Boy Scouts of America, $10,000, to pay membership fees into the club for boys from West Anniston.

Family Links, $10,000, for its HIPPY program to encourage parents to read to their kids and become their first teacher.

City of Anniston Parks and Recreation Department, $10,000, for the Good Choices program, which offers mentoring, tutoring technology training and field trips for Anniston children.

ACEF awards grants every year. The nonprofit was founded as a result of the Partial Consent Decree between the EPA, Solutia and Pharmacia.

Area school boards get bond-issue briefing

The Legislature passed a bond issue this year, and schools expect to receive their share for construction or maintenance in February or March. White Plains will get a new middle school. Photo: Bill Wilson/The Anniston Star

Kippy Tate’s schedule is about to fill up.

Tate, director of the Alabama Building Commission, will help schools, architects and contractors as they begin spending the largest school construction bond issue in the state’s history.

Tate told local school board members and superintendents Thursday night that his office is ready to handle the heavy load.

“We’ve been through bond issues before,” he said of the last one, in 1998. “But this is the largest.”

Tate told the group attending the annual district meeting of the Alabama Association of School Boards that the building commission will handle any disputes that arise as they begin work on projects.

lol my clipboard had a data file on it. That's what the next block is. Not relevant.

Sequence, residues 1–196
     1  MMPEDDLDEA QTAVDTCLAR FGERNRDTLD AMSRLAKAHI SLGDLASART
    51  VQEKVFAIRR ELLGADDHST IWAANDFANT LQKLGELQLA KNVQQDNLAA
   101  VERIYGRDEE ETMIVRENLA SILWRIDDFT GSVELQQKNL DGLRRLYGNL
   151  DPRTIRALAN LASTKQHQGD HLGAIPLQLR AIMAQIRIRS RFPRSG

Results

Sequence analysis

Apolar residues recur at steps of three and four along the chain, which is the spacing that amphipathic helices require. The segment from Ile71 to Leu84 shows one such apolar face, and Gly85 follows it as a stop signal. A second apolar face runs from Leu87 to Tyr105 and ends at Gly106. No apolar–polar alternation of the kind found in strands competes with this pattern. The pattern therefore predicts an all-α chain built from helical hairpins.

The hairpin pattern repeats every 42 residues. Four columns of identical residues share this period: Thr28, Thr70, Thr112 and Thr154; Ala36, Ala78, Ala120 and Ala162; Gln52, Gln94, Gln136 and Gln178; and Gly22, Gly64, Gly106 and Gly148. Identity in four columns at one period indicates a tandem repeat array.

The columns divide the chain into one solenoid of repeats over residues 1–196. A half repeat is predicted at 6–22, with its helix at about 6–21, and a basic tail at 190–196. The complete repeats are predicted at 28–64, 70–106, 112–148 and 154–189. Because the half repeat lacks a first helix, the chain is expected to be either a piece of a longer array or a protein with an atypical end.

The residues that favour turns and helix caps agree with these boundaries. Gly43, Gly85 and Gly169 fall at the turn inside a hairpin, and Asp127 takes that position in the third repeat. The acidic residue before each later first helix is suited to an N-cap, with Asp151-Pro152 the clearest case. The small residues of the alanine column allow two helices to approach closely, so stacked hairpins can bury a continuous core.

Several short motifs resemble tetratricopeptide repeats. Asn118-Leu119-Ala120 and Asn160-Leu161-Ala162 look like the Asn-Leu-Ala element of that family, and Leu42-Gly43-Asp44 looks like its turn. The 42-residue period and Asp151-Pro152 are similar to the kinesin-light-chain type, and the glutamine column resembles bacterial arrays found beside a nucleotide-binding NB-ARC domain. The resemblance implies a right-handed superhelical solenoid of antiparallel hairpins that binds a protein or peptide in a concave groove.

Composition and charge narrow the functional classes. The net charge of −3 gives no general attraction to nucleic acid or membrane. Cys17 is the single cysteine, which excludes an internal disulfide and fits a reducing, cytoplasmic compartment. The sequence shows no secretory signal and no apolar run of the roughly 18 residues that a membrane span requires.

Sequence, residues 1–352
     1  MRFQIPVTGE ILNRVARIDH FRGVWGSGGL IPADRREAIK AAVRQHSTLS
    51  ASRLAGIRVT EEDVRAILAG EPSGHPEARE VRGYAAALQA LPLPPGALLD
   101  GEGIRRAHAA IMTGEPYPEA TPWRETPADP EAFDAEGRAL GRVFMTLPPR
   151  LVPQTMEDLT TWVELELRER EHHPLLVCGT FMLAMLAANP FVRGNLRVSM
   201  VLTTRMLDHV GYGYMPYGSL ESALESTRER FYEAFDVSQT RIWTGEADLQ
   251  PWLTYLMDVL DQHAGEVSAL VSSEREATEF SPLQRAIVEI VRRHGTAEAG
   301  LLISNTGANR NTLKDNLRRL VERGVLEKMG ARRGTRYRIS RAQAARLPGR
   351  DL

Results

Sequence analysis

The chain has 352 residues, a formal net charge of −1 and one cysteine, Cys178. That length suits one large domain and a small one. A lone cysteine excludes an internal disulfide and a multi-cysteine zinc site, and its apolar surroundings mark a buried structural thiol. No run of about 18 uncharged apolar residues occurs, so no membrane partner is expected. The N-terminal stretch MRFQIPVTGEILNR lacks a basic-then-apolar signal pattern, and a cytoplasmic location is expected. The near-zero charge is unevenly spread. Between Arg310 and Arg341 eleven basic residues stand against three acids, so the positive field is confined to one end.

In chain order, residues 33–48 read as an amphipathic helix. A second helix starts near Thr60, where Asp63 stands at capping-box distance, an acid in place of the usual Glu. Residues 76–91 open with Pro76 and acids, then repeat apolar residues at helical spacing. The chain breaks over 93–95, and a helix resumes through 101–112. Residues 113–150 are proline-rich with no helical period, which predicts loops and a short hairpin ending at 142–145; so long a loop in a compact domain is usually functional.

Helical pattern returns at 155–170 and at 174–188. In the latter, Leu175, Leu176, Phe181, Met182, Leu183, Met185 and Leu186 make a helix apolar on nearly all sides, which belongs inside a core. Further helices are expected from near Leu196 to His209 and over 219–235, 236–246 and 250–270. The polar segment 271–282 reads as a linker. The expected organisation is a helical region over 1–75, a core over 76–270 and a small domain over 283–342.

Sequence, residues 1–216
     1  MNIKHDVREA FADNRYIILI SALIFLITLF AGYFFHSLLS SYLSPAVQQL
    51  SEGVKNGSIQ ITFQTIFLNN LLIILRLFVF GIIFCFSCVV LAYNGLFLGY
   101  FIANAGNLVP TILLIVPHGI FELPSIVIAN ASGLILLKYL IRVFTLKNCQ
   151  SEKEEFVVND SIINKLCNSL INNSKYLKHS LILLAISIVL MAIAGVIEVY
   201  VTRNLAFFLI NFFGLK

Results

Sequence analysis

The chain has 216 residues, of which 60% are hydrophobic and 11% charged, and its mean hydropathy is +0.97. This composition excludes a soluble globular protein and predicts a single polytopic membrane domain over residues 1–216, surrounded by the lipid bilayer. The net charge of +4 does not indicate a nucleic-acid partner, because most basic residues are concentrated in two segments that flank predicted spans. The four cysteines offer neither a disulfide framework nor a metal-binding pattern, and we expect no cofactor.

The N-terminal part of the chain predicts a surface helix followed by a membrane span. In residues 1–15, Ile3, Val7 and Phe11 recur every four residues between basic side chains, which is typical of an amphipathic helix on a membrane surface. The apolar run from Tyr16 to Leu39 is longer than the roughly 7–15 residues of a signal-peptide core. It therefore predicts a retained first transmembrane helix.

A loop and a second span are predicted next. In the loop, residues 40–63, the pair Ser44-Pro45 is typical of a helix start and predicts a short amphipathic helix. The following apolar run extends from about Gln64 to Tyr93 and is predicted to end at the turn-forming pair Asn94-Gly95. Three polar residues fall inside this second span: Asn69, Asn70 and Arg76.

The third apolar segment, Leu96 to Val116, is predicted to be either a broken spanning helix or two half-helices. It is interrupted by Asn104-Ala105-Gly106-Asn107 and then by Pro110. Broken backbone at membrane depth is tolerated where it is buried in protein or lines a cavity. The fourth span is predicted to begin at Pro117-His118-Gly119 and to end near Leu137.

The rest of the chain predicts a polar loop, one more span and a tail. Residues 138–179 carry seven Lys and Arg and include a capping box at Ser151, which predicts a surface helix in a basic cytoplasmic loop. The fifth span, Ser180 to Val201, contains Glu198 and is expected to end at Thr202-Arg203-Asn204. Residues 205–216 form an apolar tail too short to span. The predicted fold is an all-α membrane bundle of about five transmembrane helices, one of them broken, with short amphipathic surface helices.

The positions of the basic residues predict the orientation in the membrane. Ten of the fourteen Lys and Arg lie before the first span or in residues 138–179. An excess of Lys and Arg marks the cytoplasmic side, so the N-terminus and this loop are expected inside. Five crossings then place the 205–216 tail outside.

“With all this work going on, it’s going to come up,” he said.

He said the building commission will work as an arbiter and bring all sides together when disputes come up, and he urged officials to call him before problems arise.

The Legislature approved a $1.07 billion bond issue this year. Sally Howell, executive director of AASB, said she expects the state to sell the bonds in December, with money available in February or March.

See the full story, and a list of local construction plans, here.

Thursday, October 4, 2007

Elks Lodge plans large dictionary giveaway


Third-graders in Anniston, Oxford, Saks and Weaver will soon know the true meaning of giving.

And aardvark, and zymurgy, and basically all the words in between.

The Anniston Elks Lodge plans to deliver 1,152 dictionaries to third-grade students in those schools as part of the national Dictionary Project.

Will Lemon, who chaired the local Elks committee, said private donations and fundraisers, including a dance contest, raised about $1,900 for the books.

“We just put the word out at our meetings, and in a month we had enough for those schools,” he said. “We hope it keeps coming in.”

The Elks hope to expand the program to every third-grader in the county, Lemon said.

He said the first batch for Saks Elementary, Weaver Elementary, the five elementary schools in Anniston and three in Oxford will probably arrive in two or three weeks.

Labeling them will take another week, and the Elks will set up a time with principals to deliver the dictionaries once they’re ready.

See the full story here.

Anniston City Schools Foundation fundraiser scheduled for Oct. 13


The Anniston City Schools Foundation is getting ready to kick off its second fundraising season to offer scholarships to the city’s graduating seniors.

The foundation will host a High Tea fundraiser at 4 p.m. Oct. 13 at Anniston Country Club.

Catherine Chappell, executive director of the foundation, said the event will feature food, a fashion show, a jewelry sale and a table-setting contest.

Beth Rogers, wife of Rep. Mike Rogers, R-Saks, will serve as honorary hostess.

Tickets to the fundraiser are $50 each and available at the foundation’s office at 1302 Noble St., Suite 3E.

Entry to the table-setting contest is $35, and contestants will set and decorate a 60-inch round table or a 34-inch by 34-inch square table. Teams should consist of no more than two members.